Tony had the distinct impression, now and every other time he had tried to get across this huge thing squatting in his mind that refused to be said, that Pepper understood exactly what it was he was trying to say. She never said that she understood, though, or gave him an easy out by picking up where he sputtered out, filling in the blanks as he stumbled. She let him struggle with it alone, over and over, apparently content to do so until he finally figured it out. It was a mild form of torture Tony thought she probably had a right to.
He sat back into the pillows, tilting his head back, and tried to ignore the fact that it was getting hard to breathe through his nose.
Why me? Bruce thought to himself, trying to not let the thought show on his face.
He didn’t ask for much – well, no, fine, he asked for plenty. His personality and abilities combined with circumstances in just such a way that he could ask for quite a lot on a regular basis – new scientific breakthroughs, miracle cures, temporary but invaluable periods of peace, shoes that didn’t hurt his feet – and actually have a fair shot at getting them. But relatively, on a personal level, he didn’t ask for too much. Coffee in the morning, at least one good meal in a day, a roof, clothes… he’d lived on the run long enough to learn how do without a lot of what his companions considered basic. Truth was, though he now lived in what he considered the lap of luxury, able to exercise his mind and contribute to those causes he cared the most about, what he still valued the most was his personal space.
He took another try at patting his trousers dry – the remains of his morning coffee, proven to still be very hot at the moment of spilling – and tried to think soothing thoughts. Mostly he tried not to think of a half-naked god suddenly appearing in his lab, demanding to know the ABC’s of influenza, while at the same time attempting to reconcile this event as his new definition of ‘normal.’ It wasn’t as much of a stretch as it should have been.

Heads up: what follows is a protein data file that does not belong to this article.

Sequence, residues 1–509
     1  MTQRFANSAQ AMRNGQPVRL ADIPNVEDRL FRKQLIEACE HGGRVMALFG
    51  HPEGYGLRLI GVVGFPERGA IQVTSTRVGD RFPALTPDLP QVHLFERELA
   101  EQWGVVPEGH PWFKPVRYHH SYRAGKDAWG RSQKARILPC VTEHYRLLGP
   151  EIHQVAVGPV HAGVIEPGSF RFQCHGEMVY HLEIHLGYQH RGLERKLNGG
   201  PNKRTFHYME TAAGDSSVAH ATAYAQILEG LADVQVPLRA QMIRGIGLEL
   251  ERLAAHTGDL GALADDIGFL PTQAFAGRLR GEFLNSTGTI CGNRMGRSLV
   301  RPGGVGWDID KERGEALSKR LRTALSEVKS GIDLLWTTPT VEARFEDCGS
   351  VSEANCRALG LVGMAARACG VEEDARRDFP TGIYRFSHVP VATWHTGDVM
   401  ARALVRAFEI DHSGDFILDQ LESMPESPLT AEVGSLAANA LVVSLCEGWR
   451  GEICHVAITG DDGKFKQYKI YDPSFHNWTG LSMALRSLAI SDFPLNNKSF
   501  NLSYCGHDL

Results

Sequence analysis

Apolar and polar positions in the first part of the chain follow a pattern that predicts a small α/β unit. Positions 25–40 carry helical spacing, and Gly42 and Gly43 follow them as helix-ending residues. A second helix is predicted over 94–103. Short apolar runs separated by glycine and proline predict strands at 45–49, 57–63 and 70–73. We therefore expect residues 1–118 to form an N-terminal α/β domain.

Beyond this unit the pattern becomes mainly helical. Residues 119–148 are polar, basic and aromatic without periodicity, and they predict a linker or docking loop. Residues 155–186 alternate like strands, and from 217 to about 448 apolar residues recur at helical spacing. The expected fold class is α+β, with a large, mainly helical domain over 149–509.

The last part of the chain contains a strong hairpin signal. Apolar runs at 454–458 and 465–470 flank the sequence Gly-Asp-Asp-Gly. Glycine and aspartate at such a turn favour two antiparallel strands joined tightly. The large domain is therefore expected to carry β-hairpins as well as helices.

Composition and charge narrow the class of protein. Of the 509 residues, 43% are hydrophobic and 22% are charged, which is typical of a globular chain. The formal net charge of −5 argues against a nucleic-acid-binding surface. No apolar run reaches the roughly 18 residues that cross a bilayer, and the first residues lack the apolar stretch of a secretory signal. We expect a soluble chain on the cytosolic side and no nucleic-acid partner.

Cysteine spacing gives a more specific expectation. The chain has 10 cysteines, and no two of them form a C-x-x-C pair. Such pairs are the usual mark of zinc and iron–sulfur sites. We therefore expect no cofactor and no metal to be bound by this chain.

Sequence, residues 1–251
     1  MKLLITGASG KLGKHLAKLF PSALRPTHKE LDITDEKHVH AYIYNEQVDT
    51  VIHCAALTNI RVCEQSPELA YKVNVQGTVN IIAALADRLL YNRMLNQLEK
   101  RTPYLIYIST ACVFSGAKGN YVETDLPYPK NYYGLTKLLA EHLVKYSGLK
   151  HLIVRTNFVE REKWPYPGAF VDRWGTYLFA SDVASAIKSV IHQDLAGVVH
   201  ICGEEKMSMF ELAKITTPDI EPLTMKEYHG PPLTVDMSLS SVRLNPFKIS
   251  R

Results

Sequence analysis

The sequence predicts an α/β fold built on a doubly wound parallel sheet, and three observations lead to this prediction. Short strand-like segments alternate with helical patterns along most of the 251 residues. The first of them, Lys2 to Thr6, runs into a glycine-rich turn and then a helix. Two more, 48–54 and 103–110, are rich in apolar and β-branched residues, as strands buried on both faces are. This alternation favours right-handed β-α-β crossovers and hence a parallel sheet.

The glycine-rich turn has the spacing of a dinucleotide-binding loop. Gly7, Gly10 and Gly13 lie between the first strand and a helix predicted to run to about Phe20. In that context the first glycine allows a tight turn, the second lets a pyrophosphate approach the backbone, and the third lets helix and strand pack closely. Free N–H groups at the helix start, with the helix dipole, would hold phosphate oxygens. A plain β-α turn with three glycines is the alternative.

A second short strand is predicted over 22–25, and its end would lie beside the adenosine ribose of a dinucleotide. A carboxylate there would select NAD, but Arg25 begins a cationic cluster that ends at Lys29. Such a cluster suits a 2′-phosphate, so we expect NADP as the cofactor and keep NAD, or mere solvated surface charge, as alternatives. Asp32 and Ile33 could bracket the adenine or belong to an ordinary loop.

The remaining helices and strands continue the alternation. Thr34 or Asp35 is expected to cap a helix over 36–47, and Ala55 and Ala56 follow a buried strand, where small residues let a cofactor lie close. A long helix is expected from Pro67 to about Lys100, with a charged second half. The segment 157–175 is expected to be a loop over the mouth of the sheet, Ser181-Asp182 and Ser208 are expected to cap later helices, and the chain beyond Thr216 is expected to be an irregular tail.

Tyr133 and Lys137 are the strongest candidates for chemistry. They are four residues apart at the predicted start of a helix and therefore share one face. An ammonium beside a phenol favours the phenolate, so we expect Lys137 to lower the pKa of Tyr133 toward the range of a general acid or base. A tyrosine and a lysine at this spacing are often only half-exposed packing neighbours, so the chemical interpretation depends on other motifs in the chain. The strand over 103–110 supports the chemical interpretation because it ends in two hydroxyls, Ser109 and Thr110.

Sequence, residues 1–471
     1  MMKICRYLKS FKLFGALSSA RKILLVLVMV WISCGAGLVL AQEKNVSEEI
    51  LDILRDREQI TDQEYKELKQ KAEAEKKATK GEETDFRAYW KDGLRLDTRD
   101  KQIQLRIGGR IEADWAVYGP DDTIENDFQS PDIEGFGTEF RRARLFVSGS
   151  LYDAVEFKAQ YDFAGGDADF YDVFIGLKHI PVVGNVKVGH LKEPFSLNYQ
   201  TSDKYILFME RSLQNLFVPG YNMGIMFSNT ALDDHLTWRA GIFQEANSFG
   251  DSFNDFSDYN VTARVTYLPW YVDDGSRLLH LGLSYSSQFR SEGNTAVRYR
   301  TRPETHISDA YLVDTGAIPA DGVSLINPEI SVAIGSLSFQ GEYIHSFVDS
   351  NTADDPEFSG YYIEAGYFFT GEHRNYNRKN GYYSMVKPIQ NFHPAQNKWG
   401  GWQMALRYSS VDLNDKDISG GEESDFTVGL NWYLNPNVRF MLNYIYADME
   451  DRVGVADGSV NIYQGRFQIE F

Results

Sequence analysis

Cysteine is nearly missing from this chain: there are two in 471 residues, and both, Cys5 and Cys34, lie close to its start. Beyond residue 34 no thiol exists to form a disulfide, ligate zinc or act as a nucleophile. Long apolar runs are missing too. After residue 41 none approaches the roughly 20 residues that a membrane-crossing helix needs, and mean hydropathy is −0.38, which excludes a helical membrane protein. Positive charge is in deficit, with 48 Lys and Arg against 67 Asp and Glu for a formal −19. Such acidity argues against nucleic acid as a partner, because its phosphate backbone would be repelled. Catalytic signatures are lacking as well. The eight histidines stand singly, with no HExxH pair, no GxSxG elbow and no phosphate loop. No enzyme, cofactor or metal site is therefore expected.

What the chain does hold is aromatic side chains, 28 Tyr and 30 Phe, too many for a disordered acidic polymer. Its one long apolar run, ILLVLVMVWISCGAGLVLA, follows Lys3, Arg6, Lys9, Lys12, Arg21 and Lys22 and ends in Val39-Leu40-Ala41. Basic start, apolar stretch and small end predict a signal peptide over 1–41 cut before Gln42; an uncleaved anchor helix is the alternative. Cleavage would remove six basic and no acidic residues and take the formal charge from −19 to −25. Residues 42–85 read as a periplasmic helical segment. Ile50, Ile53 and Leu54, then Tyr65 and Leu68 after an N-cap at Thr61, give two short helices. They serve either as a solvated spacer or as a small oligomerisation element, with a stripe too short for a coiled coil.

“Tony is sick?” he asked, grasping at the one thing he thought he could be certain of.
Loki, hair an uncombed mess and arms crossed over his bare chest in a show of annoyance rather than modesty, nodded. “His temperature has elevated, there is some impediment to his breathing, and his voice is becoming progressively rough. Despite his fever he’s seeking more warmth, and he’s being quite fractious. Ms. Potts has deemed it ‘the flu’.”
Bruce nodded at the assessment, continuing to mop at his trouser leg. “Sounds the most likely diagnosis, though the uncooperative attitude is probably just Tony’s personality.” He looked up at the sleep rumpled god. “You know that I’m not a medical doctor, right?”
“I was given to understand that this is a common enough malady that any reasonably educated human could provide information about it.”
“Then why…? Oh, never mind.” He was going to ask, if anyone in the Mansion could answer his questions, why had Loki decided to pick on him, but decided not to. He could tell by the way the Asgardian stood that he wasn’t likely to get a straight answer. It was sometimes hard to predict how Loki would behave, except that very rarely did what he have to say and what was on his mind coincide. His body language was closed, which was also rare, and said that questions would meet with uncharacteristically blunt evasions. Better to just get to the point. “What was it exactly you wanted to know?”
“What to expect, remedies and any possible complications.”
“Everything, then.” Loki’s stare was unblinking. Bruce sighed. Loki’s sense of humor was hard to predict at times, as well.
Deciding his pants were as dry as he was going to get them with a handful of paper towels, he tossed the wad into a trash can. “Alright,” he said, rubbing his face. “The very basics, then. If it is flu, what you can expect is high temperatures, but only worry if it lasts a long time, say a couple days, or gets higher than 103, 104. Right around there is when you start cooking brain cells. Unless and until it gets there, just keep an eye on it. It’s the body’s way of fighting the infection. Eventually the fever will break and he’ll go from piling on blankets to pouring sweat in a hurry. If the temp gets too high, we have medications to lower it. Other symptoms will be congestion, cough, sore throat, muscle and joint pain, muscle weakness, headache, fatigue and – if it gets really bad – diarrhea and vomiting.”